Words mean a lot. Take for example the two words bread and fruit. Separately they don't conjure up controversy, but when put together — breadfruit — well then, a more complex meaning of the word takes over.
After all, breadfruit has an unsavory history.
It fed slaves in the 1700s as the British built their empire.
And it was the bounty Captain William Bligh and his crewmen were searching for when they sailed to Tahiti. (If you want to learn how the story ends, just watch one of the Hollywood versions of "Mutiny on the Bounty.")
Breadfruit also conjures up a stark debate between those who love it and those who hate it.
"People have all sorts of feelings about breadfruit," says Chris Colin, a freelance journalist in San Francisco. "Some hate it. It's the sort of overcooked Brussels sprouts of their youth. But others are passionate about it, they love it ... no one is neutral that I could find."
Since traveling to Hawaii to taste and write about breadfruit in the summer issue of Saveur magazine, Colin falls in the later category. He fell in love with the various ways it was prepared: breadfruit bagels, breadfruit in gnocci or hash, and breadfruit with a touch of syrup.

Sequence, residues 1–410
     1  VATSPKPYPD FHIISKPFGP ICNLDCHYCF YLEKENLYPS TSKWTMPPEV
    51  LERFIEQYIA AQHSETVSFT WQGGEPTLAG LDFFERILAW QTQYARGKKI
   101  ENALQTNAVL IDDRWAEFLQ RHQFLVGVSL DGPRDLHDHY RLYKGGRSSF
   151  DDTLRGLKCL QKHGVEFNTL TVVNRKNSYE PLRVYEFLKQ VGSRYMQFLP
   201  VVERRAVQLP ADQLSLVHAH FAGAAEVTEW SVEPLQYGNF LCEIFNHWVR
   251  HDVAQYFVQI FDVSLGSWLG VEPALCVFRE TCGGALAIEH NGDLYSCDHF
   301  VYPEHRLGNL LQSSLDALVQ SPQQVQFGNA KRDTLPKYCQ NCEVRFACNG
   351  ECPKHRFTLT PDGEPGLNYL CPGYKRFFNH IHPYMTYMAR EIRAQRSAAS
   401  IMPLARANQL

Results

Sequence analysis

The magazine's website also has an article on the creative ways chefs around the globe are preparing it.
Why now for a breadfruit comeback? "It's ridiculously healthy," Colin says. "It's high in fiber, antioxidents, calcium, iron, potassium. One fruit provides enough carbs for a family of five."
In his article, Colin writes about his visit to the Breadfruit Insitute in Hawaii. Their aim is to not only preserve and collect the different varities of the fruit, but to send breadfruit plants around the world where they "can grow readily and where there are hunger problems."
It's too soon to say how successful this initiative will be, as the trees have to grow, "but once they do grow these are huge trees that produce a lot of fruit ... so there's a lot of potential here."
Editor's note: The headline on this story has been updated from an earlier version.